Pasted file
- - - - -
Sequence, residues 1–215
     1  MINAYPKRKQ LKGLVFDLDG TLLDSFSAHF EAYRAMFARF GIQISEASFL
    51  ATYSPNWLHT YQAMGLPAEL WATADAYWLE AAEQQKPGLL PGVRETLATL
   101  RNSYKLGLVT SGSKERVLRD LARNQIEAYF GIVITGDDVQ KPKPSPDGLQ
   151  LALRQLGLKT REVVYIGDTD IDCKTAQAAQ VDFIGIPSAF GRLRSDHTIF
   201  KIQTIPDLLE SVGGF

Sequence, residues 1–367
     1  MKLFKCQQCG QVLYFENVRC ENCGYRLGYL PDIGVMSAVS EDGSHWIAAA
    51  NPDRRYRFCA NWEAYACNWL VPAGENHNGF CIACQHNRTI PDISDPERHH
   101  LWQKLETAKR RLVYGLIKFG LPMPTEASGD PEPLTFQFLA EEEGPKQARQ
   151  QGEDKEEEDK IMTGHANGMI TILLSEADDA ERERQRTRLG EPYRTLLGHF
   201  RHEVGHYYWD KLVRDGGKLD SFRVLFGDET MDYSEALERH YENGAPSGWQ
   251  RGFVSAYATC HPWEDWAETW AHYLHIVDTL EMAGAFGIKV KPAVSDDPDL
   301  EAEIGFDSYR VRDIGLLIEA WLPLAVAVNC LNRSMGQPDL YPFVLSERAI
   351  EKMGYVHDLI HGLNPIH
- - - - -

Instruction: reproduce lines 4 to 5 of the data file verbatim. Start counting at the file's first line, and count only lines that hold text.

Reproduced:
   101  RNSYKLGLVT SGSKERVLRD LARNQIEAYF GIVITGDDVQ KPKPSPDGLQ
   151  LALRQLGLKT REVVYIGDTD IDCKTAQAAQ VDFIGIPSAF GRLRSDHTIF